We all have stories. Some, like Lisa Morrison, would argue that those stories are who we are, and we are nothing without them. Donald Margulies’ play focuses on those stories, the people who tell them and the relationships surrounding them.
“Collected Stories” begins with the meeting of Ruth Steiner (Carol Dines), an aging yet sassy professor and author, and Lisa Morrison (Lenae Price), one of her eager but anxious graduate students. Lisa has looked up to Ruth since high school English class and is now sitting in her living room, being mentored by her writing idol.
As time goes on, the two become more and more intertwined. They fight about keeping secrets. They celebrate publishing contracts. They argue about how to organize mail. They become close. So close, in fact, that Ruth goes against her general principle of not telling stories but writing them instead. She tells Lisa of when she met one of her literary heroes, a man who was past his prime even at age 44. As a virgin and a college co-ed of 22, she was swept away by him, ultimately having an affair with him. Although it affected her deeply, Ruth never wrote a story about it, saying, “Some things you never touch.”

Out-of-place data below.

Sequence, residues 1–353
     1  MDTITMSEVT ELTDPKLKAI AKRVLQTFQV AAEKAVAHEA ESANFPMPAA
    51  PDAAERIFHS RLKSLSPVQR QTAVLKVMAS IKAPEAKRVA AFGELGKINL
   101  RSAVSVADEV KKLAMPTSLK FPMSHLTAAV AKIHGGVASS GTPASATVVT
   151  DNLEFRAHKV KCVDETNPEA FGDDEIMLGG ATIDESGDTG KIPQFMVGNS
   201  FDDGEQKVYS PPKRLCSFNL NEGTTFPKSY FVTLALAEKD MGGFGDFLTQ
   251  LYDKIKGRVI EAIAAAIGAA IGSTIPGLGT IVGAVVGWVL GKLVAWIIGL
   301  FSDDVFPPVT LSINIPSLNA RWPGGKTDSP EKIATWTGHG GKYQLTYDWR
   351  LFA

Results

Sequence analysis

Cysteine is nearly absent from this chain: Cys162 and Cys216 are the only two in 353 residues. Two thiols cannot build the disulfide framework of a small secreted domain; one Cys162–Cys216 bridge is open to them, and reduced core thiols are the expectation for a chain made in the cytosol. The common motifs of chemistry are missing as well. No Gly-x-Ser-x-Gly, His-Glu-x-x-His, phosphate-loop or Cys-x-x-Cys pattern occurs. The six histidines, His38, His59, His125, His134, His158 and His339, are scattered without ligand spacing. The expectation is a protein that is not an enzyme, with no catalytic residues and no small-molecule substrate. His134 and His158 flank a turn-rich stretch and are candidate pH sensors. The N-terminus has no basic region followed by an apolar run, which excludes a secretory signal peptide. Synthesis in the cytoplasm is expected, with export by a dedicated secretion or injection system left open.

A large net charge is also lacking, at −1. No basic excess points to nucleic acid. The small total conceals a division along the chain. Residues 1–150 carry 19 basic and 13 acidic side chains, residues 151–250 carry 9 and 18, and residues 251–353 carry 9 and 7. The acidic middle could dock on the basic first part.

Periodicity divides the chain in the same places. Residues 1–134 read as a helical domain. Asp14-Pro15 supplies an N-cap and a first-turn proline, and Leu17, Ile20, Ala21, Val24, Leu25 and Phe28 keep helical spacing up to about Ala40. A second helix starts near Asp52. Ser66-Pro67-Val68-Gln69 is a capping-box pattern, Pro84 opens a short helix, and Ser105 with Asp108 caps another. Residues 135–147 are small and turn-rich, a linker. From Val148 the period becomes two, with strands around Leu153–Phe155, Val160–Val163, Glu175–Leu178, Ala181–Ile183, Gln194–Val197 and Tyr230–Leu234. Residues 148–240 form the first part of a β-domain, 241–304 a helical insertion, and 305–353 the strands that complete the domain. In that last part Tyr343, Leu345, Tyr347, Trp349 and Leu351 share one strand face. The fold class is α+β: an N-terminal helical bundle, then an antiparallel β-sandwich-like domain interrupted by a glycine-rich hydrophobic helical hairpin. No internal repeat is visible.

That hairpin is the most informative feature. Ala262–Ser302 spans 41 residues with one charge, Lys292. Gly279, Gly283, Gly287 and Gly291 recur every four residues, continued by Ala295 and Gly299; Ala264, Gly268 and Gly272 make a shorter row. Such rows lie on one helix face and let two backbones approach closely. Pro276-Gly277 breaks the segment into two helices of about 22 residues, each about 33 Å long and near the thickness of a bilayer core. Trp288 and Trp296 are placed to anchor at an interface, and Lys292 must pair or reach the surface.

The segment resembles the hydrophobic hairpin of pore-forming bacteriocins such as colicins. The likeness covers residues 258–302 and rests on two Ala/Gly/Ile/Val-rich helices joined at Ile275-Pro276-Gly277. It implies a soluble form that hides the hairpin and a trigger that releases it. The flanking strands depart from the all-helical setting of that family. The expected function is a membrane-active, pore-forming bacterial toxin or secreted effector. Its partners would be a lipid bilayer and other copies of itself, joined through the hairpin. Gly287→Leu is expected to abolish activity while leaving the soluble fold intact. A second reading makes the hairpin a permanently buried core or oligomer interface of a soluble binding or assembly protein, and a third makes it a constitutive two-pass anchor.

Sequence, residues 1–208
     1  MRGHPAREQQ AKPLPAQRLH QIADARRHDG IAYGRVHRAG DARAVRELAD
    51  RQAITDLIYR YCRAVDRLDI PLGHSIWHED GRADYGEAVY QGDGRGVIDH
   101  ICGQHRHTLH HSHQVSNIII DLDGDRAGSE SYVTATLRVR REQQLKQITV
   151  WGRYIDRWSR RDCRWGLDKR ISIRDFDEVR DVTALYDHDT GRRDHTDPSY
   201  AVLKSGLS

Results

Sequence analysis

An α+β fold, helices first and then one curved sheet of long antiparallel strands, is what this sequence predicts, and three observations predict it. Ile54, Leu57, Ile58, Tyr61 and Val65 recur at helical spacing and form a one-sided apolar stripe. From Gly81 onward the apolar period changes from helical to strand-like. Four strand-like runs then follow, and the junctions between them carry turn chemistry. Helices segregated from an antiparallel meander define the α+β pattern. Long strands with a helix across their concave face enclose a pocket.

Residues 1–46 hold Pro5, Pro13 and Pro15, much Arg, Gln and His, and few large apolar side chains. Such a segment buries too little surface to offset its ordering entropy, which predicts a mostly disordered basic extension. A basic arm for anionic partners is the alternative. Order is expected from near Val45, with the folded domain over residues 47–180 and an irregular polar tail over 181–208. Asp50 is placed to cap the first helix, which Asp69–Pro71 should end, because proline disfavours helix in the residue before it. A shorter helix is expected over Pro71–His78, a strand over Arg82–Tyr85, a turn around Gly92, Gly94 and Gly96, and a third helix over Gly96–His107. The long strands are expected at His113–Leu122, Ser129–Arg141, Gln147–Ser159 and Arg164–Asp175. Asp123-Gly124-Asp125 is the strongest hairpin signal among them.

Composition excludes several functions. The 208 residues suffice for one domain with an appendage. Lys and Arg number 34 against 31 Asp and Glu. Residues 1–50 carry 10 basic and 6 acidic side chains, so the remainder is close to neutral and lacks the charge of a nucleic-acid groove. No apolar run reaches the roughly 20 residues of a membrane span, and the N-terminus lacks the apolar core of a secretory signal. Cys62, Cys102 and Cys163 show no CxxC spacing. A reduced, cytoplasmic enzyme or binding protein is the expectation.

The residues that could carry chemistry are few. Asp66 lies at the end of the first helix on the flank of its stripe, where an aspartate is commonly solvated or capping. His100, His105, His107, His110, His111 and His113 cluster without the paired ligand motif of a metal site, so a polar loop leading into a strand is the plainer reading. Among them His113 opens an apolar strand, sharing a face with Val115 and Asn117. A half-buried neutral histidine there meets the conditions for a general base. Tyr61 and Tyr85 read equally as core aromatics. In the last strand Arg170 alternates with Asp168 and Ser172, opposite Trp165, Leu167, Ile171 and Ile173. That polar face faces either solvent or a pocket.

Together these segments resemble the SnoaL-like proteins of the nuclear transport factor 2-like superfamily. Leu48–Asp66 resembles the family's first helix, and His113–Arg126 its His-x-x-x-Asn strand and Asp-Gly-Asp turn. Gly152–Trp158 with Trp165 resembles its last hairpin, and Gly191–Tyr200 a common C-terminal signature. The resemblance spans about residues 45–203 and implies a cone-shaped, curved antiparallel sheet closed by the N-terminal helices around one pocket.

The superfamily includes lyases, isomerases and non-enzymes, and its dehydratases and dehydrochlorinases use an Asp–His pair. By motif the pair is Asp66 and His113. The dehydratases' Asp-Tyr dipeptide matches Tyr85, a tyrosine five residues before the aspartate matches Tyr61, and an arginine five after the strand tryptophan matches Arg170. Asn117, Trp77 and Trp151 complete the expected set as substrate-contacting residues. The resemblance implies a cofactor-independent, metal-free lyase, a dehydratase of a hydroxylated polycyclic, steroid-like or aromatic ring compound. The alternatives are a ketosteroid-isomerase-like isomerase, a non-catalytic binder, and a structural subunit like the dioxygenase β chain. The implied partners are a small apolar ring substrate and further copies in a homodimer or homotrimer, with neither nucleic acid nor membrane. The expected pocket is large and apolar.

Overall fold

A few years later, Lisa writes a novel about Ruth’s affair as a follow-up to her original collection of stories from her own life. Ruth, now sick, fights with Lisa about the essential questions of the play: Is it OK to exploit a friend’s history for art? Can you portray a minority without being in that minority? Are we really anything without our stories?
Set in Ruth’s apartment in Greenwich Village from 1990 to 1996, the never-changing living room set is homey — clean but clearly lived in. Designed by director Andrew Epstein and artistic director Doug Schutte, the set includes details that would only be possible if Ruth truly lived in the apartment for the past 30-odd years.
It is rare to see a cast of characters consisting of only two people, and even more unusual if they’re both female. The minimal cast allows for the play to focus on their connection, which Dines and Price portray beautifully. Actions toward each other match the state of their relationship: a tad awkward upon meeting, sincerely supportive in the middle, and angry and frustrated as their relationship crumbles.
Separate, the actresses were just as marvelous. Dines portrays Carol with sass, becoming increasingly biting until it turns into bitterness near the end. Price effortlessly increases Lisa’s confidence as she transitions from anxious student to praised budding author. Although there were rarely moments where the two were not interacting with each other, they had interesting personalities that could stand alone, but were better when paired with each other.